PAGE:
Forgotten About the Rohingya? They Need Us Now More than Ever

The Rohingya are still displaced, still in crisis and now they are facing a new threat: monsoon season.

It’s estimated that there are now around one million Rohingya refugees who have fled the violence and persecution they faced in Myanmar to be housed in makeshift camps in Bangladesh. These camps are far from a safe haven, though. Despite health agencies and local officials working hard, providing food, water and basic sanitation is proving challenging.

Bangladeshi authorities are keen to send the Rohingya back across the border, but they can only do that when Myanmar will guarantee their safety. At the moment, Myanmar still refuses to even acknowledge the Rohingya’s status as citizens, so that safety is anything but guaranteed.

And now the UN and other agencies are rushing to help the Rohingya as the monsoon rains close in. The rains began around April and have already swept away “rickety” makeshift houses. As of mid May the monsoon rains are really setting in, with up to 200,000 people in immediate danger.

“The latest reporting … indicates that more than 7,000 people were affected by storms or landslides in the week of May 7-14 alone, at the start of the monsoon season.” UN chief’s spokesperson, Stephane Dujarric, told reporters earlier this week, “As a result, 150,000-200,000 refugees and 883 community facilities are at risk from flooding and landslides during the monsoon season, including 25,000 refugees at critical risk.”

Bangladesh has demonstrated a remarkable resilience and scope for dealing with the heavy rainfall and resulting floods and mudslides. However, the Rohingya camps present unique challenges, as their dwellings are flimsy and built on arid land that is susceptible to becoming a quagmire when the rains fall.

But the UN and other agencies are trying to help.

The International Organization for Migration is dredging abandoned canals near to the Cox’s Bazar area which houses a large proportion of the Rohingya. By doing this, it is hopes that the waterway can be restored, allowing water to flow from nearby hills and away, hopefully sparing the surrounding land from major flooding.

In addition, the UN has announced it is employing 50 Bangladeshi laborers to oversee and carry out the work, something that is important for supporting the local workforce and their experience.

This is one of several projects that various agencies are working on to help the Rohingya and the local population. However, in late April the UN warned of a “life threatening” funding crisis faced by aid agencies. International attention has turned elsewhere, so there is now a shortfall in the money they need to help the vulnerable refugees and the surrounding populations of Bangladeshi citizens who are also left vulnerable.

“We cannot wait for funding to come in after the emergency is over and possibly preventable tragedies have occurred,” John McCue, IOM’s Senior Operations Coordinator in Cox’s Bazar is quoted  as saying. “We need to be able to act now if lives are to be saved.”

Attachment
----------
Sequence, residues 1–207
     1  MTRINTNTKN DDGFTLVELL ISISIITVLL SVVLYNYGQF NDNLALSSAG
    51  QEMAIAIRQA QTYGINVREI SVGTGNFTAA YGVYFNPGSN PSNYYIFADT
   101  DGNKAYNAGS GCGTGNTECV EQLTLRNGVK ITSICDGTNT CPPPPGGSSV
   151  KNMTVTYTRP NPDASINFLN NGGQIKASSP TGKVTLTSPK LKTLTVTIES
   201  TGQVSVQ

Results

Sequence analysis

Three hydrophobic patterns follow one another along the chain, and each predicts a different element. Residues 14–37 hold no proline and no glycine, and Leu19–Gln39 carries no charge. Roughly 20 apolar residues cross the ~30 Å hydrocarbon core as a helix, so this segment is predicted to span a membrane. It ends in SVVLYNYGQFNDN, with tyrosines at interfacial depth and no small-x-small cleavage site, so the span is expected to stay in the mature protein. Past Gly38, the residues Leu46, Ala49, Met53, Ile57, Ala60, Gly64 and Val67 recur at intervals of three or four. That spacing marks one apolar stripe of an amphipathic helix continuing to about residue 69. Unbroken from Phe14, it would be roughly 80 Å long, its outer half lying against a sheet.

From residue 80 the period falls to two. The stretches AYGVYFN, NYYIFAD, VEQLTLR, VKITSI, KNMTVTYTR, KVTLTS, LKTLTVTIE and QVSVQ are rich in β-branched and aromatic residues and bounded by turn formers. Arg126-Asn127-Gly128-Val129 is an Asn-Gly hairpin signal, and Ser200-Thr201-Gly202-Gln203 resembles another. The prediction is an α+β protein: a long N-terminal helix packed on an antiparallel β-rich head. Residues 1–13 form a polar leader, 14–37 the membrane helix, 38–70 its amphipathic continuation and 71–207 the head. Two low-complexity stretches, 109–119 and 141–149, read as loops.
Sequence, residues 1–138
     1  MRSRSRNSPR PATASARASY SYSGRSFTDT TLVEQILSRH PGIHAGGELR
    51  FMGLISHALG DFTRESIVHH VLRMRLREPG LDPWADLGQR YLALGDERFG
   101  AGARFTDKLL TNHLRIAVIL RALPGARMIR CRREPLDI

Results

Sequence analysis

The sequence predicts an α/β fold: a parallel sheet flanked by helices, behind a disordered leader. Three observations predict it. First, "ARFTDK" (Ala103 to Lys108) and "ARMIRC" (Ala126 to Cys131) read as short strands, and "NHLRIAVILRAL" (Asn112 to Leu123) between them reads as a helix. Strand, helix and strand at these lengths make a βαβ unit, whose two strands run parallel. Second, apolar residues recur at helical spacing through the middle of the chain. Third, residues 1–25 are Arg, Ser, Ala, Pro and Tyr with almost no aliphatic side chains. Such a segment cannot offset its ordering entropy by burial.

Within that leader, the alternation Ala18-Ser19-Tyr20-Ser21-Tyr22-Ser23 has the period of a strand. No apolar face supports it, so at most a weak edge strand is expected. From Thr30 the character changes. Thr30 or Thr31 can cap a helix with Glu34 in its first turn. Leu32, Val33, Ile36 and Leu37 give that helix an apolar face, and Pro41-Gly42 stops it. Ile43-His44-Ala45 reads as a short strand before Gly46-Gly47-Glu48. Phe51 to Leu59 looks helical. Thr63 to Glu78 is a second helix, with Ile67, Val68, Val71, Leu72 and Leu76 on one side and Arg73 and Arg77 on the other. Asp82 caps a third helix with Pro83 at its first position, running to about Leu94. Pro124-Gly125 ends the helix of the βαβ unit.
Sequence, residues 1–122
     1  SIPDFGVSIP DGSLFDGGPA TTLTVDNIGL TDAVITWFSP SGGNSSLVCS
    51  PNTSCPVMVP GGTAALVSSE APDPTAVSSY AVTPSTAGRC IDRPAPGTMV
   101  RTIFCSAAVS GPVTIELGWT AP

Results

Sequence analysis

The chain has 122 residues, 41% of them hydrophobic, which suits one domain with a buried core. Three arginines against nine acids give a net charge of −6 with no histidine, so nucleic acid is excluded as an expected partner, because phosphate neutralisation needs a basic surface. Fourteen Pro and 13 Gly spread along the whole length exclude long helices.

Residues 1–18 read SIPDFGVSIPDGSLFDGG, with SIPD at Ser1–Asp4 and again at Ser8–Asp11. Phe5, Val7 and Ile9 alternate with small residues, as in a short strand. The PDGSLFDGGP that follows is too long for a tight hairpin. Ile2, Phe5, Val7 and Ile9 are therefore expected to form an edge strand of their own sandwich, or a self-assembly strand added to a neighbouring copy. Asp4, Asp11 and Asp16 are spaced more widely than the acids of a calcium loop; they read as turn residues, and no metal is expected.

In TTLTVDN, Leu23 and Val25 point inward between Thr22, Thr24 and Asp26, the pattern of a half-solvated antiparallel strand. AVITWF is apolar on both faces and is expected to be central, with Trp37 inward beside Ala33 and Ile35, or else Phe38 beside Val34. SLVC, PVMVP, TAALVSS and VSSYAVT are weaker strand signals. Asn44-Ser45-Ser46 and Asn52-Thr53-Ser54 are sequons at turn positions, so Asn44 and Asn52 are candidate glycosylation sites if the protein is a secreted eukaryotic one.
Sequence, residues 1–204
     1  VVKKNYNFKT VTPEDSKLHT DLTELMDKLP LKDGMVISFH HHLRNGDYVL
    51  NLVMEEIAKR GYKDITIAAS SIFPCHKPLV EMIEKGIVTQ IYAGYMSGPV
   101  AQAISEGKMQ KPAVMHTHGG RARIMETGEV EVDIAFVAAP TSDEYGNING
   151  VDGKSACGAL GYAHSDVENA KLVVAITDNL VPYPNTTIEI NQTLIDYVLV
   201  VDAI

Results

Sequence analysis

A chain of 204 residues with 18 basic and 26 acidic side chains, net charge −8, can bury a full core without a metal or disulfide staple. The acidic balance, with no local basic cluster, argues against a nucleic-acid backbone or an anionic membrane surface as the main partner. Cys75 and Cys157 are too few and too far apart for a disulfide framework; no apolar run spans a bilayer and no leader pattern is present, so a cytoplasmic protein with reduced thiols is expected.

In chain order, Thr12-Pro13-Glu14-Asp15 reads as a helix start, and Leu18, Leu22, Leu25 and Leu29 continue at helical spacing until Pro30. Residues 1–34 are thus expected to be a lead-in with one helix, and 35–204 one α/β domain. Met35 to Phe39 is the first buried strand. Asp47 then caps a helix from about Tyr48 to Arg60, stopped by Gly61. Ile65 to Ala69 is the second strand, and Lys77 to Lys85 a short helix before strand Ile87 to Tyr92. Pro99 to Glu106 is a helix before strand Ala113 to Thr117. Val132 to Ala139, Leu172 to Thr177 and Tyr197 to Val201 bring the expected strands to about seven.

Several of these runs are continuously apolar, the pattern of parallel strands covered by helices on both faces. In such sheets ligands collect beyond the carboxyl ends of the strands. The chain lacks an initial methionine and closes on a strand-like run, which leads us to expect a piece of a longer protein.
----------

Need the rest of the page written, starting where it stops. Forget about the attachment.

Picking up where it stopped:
To give you an idea of the shortfall, the UN says that, as of late April, only about nine percent of the needed $951 million has been secured. In effect, the aid agencies still need close to a billion dollars in order to help those most in need.

That money isn’t just for flood defense and mitigation. Around a quarter of that money is for food alone. Much of the rest will go to things like ensuring the water supply remains intact, battling disease and other important elements to basic health care.

This money is vital to continuing aid efforts and to helping the Rohingya survive the monsoon season.

Of course, this alone will not fix the crisis. For that to happen, Myanmar must put aside the bloodshed — something that has occurred on both sides, but was sparked by Burmese authorities — and seek peaceful solutions to the Myanmar-Rohingya rift.

That first step must be in recognizing the Rohingya as lawful citizens, and thereby worthy of all the rights and protections that is conferred under that citizenship.

Take Action!

Raise your voice to make sure the world knows about the Rohingya’s story. Sign the petition today!

If you want to make a difference on an issue you find deeply troubling, you too can create a Care2 petition, and use this handy guide to get started. You’ll find Care2’s vibrant community of activists ready to step up and help you.

 

Photo credit: EU Civil Protection and Human Rights.

50 comments

Dave fleming
Dave fleming4 months ago

Tfs

SEND
Cindy S
Cindy Smith4 months ago

thanks

SEND
Janis K
Janis K4 months ago

Thanks for sharing.

SEND
ANA MARIJA R
ANA MARIJA R4 months ago

... petition signed/shared. Thank you.

SEND
Shirley S
Shirley S4 months ago

Signed & shared on FB

SEND
Marija M
Marija M4 months ago

So very sad, poor people.

SEND
Clare O'Beara
Clare O'Beara4 months ago

Every donation of foreign aid and refugee aid should be contingent upon the people accepting contraceptive injections. The last thing a woman with six children in a refugee camp needs is to have seven children. The last thing aid workers supplying the camp need is to have the population double over a few years, with all the medical and disease risks of pregnancy. Nations which have sensibly levelled their population are tired of paying for nations which recklessly increase theirs beyond any capacity for the land to feed. It was all right in the 1900s. Today there are options. When the people can go home and feed themselves or whatever they can have all the children they can support. By then the women might have caught on that it's better not to be endlessly pregnant.

SEND
Clare O'Beara
Clare O'Beara4 months ago

th

SEND
Emma Z
Past Member 4 months ago

Signed, of course.

SEND
DAVID fleming
Dave fleming4 months ago

Sad

SEND